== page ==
WWDC20 was huge. Yes, Apple overwhelmed us with all the fancy new updates and upcoming features for its entire OS portfolio (iOS 14, iPadOS 14, macOS Big Sur…), but the biggest surprise was something that had little to do with software. Apple announced its radical new plan for the future of Mac hardware – a switch from Intel to custom silicon. Or in simple words, Apple will do with the Mac what it does with the iPhone – equip them with its own processors.
Now, we are left with two huge stories. The first one is that Apple is finally locking its entire product portfolio with in-house software and hardware. The second one is how this bodes for Intel and its future in the world of computing. Well, we think the future is not as doom-and-gloom for Intel as one would believe after losing a cash-rich golden-boy client like Apple, but it will definitely hurt.
Of course, Apple also knows the risk of such a huge move. So big that an undo button virtually doesn’t exist, and a single swing of the bat is all it got.
But Apple has been on this road before when it switched from the PowerPC to Intel processors over a decade ago. However, this time, Apple appears to be more prepared than ever. Let’s first discuss how Apple’s divorce from Intel regarding its PC silicon courtship is major news. And how at the same time, it is also the dawn of a new trend that began years ago.
In broad terms, Apple sells millions of Intel-powered Macs every year, and this definitely will hurt Intel’s pockets. However, in Apple’s own words, the transition will take two years to complete, so Intel has another couple of years to milk money from the company, although less and less with each passing quarter. However, take a look at a few other key trends that have been eating away at Intel’s dominance lately, although at a much slower pace and with a lesser magnitude than Apple’s bombshell announcement. So, here it goes:
The rise and rise of AMD
In the past couple of years, AMD has been nibbling away at Intel’s dominance in the market across almost every segment. Talking from a price-sensitive consumer perspective, AMD’s Ryzen lineup, especially the third-gen, undercuts machines with Intel processor when it comes to the price tag. And this is something that almost every brand is exploiting to hawk their products, and to extremely favorable results.
For a few years, the mobile Ryzen portfolio was limited to the low-end and mid-range laptop segment where it competed against Intel’s Core i3 and i5 processors and was sold at a lower price. But as AMD’s silicon proved its mettle, higher-end Ryzen processors started appearing across all price brackets. For example, you can now easily purchase a solid gaming laptop such as the Asus ROG Zephyrus G with a Ryzen 7 processor and an adequately powerful NVIDIA GeForce GTX 1660Ti graphics for much lesser than a gaming laptop with Intel silicon.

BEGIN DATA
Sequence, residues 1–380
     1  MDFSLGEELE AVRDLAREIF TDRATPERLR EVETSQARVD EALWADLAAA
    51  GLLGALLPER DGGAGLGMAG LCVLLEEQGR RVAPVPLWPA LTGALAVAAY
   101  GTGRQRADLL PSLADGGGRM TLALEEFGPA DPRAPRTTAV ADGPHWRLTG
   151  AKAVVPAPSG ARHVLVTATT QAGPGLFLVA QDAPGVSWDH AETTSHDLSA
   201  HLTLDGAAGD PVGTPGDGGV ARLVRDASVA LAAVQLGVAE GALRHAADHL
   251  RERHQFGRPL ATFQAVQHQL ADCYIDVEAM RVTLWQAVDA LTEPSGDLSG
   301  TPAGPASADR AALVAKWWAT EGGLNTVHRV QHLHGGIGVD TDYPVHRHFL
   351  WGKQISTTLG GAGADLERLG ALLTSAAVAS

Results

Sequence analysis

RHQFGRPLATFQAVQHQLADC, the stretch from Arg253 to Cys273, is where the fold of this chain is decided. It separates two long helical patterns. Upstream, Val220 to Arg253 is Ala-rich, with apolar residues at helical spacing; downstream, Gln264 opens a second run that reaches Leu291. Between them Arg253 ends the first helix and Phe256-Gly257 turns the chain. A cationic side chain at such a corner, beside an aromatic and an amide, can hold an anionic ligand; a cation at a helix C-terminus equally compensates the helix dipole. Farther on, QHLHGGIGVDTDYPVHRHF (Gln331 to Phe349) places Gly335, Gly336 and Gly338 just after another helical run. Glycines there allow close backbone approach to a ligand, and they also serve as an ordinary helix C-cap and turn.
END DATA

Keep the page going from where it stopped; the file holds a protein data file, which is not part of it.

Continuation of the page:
Even the ultrabook segment is now more diverse, where you can now find AMD at the heart of products like Microsoft’s Surface Laptop 3 or a sleek HP machine. Heck, many brands are even launching AMD editions of laptops that offer the same configuration for a cheaper price by just swapping the Intel silicon with a comparable Ryzen processor.
But AMD did not win this solely because it was cheaper. On the contrary, AMD took the battle to Intel and beat it to the punch on many performance grounds. For starters, the superior power efficiency you get with a 7nm Ryzen 4000 series processor will obviously be higher than a 14nm or 10nm Intel processor. Plus, the Vega graphics on AMD’s offerings do come with some gaming and graphics-handling chops compared to the Intel HD integrated graphics, which is good only for titles released in the 90s, if barely at all. But there’s way more to the picture here.
When it comes to creative work such as intensive graphics rendering or overlay-heavy audio processing, every core and thread counts, and not just the sheer Hz figure. And this is another area where AMD has been crushing Intel. AMD’s Threadripper line, which comes in flavors with up to an insane 64-core count, destroys what Intel has to offer around the same price bracket. The cost-per-core ratio offered by AMD’s Ryzen and Threadripper lineup has been superior to Intel’s for a while now. And with the Zen 3 design and RDNA 2 architecture on the horizon, things don’t seem to be getting easier for Intel anytime soon.
The pace at which AMD has lately been saturating every price bracket and user requirement category with competitive offerings, the breathing room for Intel in the PC segment is shrinking with each passing day.
Yes, AMD still has an uphill battle when it comes to the gaming segment, where Intel’s new Core i9 monsters have been setting new benchmark, and AMD’s poor record with driver updates also needs to be fixed, but AMD has been filling that gap at a brisk pace as well. Take for example the Ryzen 3700X that has 8 cores and offers a 3.6GHz clock speed, but still costs almost $100 less than Intel’s Core i7-9700K that has half the number of threads with the same frequency. Of course, the actual performance and benchmark metrics do give Intel a superiority at the higher end where the Core i9 thrives, but that performance gap will fill really fast with what AMD has in the bags for 2020’s latter half.
Always Connected PCs are here too
Always Connected PCs are a thing too, and depending on how mainstream they can go, Intel is looking at a three-way Mexican stand-off in the long run, although it might sound a bit too far-fetched right now. But what on God’s holy Earth is an Always Connected PC? As per Microsoft, an Always Connected PC is essentially a Windows machine that uses an ARM-based SoC such as the Qualcomm Snapdragon 8cx compute platform or the Snapdragon 835 before it, instead of an x86-based Intel processor